Frequency-modulation spectroscopy provides ultrasensitive absorption measurements. The technique is especially adaptable to diode lasers, which can be modulated easily, and has been used extensively in the near-infrared and infrared spectral regions. The availability of blue diode lasers now means that the accessible wavelength region can be increased. We successfully demonstrate wavelength-modulation spectroscopy and two-tone frequency-modulation spectroscopy for the weak second resonance line of potassium at 404.8 nm and for the transition at 405.8 nm in lead, starting from the thermally populated 6p23P2 metastable level. Information on the modulation parameters is obtained with a fitting procedure. Experimental signal-to-noise ratios at different absorption levels are compared with theoretical signal-to-noise ratios and show good agreement. Detection sensitivities of 2 × 10-6 and 5 × 10-6 for wavelength and two-tone frequency-modulation spectroscopy, respectively, for a 120-Hz bandwidth are demonstrated.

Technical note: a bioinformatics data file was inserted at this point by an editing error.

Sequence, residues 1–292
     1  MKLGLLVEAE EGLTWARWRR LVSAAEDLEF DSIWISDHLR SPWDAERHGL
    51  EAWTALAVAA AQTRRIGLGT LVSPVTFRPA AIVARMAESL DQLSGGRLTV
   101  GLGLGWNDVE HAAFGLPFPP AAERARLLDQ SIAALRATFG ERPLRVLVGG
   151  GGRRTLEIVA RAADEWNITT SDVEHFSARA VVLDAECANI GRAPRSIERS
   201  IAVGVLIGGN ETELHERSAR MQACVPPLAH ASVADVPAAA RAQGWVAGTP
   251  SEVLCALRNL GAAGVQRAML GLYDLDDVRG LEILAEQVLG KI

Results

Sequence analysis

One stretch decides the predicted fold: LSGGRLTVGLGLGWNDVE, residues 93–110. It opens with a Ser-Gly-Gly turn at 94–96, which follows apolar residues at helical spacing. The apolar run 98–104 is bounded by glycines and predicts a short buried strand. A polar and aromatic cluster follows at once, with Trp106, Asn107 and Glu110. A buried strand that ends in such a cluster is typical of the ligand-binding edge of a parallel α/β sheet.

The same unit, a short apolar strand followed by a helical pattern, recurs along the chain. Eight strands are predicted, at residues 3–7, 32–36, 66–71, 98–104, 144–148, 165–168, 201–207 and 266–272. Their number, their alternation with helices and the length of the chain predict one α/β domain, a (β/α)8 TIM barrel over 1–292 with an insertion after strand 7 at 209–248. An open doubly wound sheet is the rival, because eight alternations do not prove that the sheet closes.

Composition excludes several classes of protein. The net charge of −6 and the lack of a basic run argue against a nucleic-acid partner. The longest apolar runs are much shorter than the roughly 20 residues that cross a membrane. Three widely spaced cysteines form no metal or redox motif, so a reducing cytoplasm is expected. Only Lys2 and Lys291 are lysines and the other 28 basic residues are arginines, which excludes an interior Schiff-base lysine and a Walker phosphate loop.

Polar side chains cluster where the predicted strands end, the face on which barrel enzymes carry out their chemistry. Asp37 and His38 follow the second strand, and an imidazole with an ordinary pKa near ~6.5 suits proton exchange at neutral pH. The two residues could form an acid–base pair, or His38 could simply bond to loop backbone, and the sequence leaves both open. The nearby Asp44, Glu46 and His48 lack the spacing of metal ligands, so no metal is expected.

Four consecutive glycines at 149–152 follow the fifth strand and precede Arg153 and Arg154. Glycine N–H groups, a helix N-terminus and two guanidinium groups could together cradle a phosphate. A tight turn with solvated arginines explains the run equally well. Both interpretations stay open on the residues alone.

© 2000 Optical Society of America
Original Manuscript: October 28, 1999
Revised Manuscript: April 21, 2000
Published: July 20, 2000
Ulf Gustafsson, Gabriel Somesfalean, Janis Alnis, and Sune Svanberg, "Frequency-modulation spectroscopy with blue diode lasers," Appl. Opt. 39, 3774-3780 (2000)